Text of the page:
Earlier this week, for National Coming Out Day, comic actor Julie Novak performed her “one-person show,” “America’s Next Top: One Top’s Take on Life, Love, Tools and Boxes,” off-Broadway at the United Solo Festival. The show offers a funny, eye-opening take on something that has been a source of pain and discomfort, mostly in her early life: her identity as a “gender variant.” Neither all woman nor all man, Novak sometimes jokes that she is a “Sir? Ma’am? Sir?” as one confused dude at Ponderosa Steak House addressed her one evening when she was in her twenties. Novak’s piece brought to mind Maggie Nelson’s meditation on the spectrum of “trans” gender identities, her partner Harry Dodge’s included, in her excellent memoir, The Argonauts:
How to explain—“trans” may work well enough as shorthand, but the quickly developing mainstream narrative it evokes (“born in the wrong body,” necessitating an orthopedic pilgrimage between two fixed destinations) is useless for some—but partially or even profoundly useful for others? That for some, “transitioning” may mean leaving one gender entirely behind, while for others—like Harry, who is happy to identify as a butch on T—it doesn’t? How to explain, in a culture frantic for resolution, that sometimes the shit stays messy?…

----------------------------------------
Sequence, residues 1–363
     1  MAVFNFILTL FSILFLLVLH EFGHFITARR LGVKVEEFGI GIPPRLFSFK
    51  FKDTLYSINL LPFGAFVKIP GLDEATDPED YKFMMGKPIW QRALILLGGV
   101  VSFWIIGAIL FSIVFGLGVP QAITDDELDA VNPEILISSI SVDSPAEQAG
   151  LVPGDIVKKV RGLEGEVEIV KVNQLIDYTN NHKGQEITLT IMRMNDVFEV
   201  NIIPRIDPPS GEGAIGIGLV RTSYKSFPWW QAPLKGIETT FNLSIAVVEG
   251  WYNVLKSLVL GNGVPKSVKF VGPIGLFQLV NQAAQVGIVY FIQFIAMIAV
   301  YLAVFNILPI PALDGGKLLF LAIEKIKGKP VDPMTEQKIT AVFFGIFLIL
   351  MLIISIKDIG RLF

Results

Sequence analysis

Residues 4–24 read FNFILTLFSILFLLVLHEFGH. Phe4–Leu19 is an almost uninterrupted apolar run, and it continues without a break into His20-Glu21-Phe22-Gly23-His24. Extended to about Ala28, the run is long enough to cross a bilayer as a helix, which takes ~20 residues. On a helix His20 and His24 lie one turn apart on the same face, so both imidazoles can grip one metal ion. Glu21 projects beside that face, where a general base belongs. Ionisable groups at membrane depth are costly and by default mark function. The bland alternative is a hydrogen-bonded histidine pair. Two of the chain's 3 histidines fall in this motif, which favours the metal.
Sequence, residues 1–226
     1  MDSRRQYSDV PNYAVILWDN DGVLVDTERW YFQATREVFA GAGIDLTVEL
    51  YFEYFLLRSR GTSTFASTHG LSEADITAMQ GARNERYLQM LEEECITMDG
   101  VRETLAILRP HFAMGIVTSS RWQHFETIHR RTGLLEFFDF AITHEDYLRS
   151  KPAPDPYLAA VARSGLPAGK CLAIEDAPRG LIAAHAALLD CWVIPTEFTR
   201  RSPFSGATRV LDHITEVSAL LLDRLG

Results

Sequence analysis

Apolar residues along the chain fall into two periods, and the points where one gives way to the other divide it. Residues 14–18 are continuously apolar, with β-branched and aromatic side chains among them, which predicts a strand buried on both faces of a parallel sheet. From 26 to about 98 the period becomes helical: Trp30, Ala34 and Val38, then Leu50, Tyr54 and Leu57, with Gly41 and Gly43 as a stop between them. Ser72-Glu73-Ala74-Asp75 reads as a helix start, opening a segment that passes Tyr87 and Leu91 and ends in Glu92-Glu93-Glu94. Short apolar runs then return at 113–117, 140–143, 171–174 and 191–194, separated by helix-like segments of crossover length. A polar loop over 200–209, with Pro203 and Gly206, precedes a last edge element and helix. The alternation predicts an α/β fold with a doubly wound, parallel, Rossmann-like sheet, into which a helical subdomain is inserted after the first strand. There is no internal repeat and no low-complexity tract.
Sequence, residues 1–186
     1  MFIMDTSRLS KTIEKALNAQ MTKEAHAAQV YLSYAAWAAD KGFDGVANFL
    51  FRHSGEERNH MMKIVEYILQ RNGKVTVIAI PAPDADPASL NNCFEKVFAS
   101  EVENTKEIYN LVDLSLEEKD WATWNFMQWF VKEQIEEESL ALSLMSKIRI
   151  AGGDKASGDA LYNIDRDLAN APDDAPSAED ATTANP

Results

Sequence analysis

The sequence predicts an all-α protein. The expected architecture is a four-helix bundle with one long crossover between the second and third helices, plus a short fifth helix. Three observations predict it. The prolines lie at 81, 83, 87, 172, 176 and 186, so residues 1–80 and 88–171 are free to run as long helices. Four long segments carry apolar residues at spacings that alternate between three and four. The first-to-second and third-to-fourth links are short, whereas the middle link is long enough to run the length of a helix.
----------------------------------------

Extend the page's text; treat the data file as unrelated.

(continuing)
…How to explain that for some, or for some at some times, this irresolution is OK—desirable, even (e.g., “gender hackers”)—whereas for others, or for others at some times, it stays a source of conflict or grief. How does one get across the fact that the best way to find out how people feel about their gender or their sexuality—or anything else, really—is to listen to what they tell you, and to treat them accordingly, without shellacking over their version of reality with yours.
You can also read a full excerpt from Nelson’s book here on Longreads.